Father Brendan Flynn: “You have no right to act on your own!  You have taken vows, obedience being one!  You answer to us!  You have no right to step outside the church!”

Sister Aloysius Beauvier: “I will step outside the church if that’s what needs to be done, ’till the door should shut behind me!  I will do what needs to be done, though I’m damned to Hell!  You should understand that, or you will mistake me.” [Phillip Seymour Hoffman to Meryl Streep “Doubt” (2008)]

In 1960 the film, “Elmer Gantry”, based on the controversial 1927 Sinclair Lewis novel, was released to the general public to critical acclaim and new controversy.  A novel about a drunken womanizing Hellfire spewing huckster preacher caused such consternation in 1927 that it was not only banned in certain parts of the country, but also had people actually threatening to lynch Lewis.  Hence, you just knew that once a film adaption was finally made, it would raise a new fire storm even though the Hays Office censors in 1960 eliminated certain elements of the novel like, for example, the fact that Gantry was formerly an ordained minister since the censorship code was against any negative portrayal of priests.  Of course, the movie was still banned from being shown in certain parts of the country or restricted to only being shown to adults, and even had an opening written statement before the film was shown containing the following sentence:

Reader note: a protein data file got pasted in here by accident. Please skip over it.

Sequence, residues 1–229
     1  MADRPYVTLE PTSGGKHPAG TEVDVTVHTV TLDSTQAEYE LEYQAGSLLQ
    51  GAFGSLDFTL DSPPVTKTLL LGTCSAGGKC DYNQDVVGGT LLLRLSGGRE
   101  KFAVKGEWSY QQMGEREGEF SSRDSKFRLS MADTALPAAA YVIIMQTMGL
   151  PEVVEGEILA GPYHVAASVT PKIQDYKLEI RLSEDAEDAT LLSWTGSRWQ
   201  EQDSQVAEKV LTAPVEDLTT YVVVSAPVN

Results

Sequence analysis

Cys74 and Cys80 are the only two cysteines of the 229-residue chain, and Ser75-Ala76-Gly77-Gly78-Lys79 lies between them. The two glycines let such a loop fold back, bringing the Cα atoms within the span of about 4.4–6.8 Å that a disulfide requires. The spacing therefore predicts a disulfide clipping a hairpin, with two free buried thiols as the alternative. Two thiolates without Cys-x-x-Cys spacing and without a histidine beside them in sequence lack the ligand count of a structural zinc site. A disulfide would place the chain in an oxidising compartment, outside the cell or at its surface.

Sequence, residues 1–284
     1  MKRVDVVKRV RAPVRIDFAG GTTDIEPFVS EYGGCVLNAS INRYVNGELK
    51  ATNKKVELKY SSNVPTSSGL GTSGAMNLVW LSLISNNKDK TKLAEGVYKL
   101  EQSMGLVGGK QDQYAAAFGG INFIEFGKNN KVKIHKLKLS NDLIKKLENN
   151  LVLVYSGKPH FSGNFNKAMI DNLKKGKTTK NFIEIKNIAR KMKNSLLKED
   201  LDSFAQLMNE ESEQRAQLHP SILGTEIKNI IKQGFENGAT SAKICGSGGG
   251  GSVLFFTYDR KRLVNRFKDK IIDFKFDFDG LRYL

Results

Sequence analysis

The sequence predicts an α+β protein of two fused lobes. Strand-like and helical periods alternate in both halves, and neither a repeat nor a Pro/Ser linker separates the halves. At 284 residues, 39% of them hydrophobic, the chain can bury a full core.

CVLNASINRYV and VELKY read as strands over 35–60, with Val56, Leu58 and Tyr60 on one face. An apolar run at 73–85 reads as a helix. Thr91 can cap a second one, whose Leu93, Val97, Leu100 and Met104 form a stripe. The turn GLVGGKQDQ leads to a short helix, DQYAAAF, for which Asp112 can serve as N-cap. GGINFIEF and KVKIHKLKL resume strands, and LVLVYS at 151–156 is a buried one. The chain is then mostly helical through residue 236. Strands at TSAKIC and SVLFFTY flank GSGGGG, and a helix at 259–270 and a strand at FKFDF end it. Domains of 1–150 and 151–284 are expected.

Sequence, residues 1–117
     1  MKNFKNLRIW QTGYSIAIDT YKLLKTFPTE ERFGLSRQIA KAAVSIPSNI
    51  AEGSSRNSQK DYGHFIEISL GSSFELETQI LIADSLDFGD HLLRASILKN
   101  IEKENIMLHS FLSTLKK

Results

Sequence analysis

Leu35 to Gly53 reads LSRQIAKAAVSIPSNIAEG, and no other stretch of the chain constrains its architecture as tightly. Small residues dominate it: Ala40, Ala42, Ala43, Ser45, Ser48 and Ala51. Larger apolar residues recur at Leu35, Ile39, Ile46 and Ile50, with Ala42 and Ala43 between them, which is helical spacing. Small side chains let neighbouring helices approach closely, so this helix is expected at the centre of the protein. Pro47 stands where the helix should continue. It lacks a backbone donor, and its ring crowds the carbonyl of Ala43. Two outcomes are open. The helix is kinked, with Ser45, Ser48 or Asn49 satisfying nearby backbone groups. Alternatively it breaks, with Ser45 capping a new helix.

“Due to the highly controversial nature of this film, we strongly urge you to prevent impressionable children from seeing it!”

However, that didn’t keep all impressionable children from seeing this film.  I ought to know, Dear Reader, since I was one of those little impressionable kids who risked having my little mind permanently corrupted when I saw, “Elmer Gantry” with my parents when it first came out.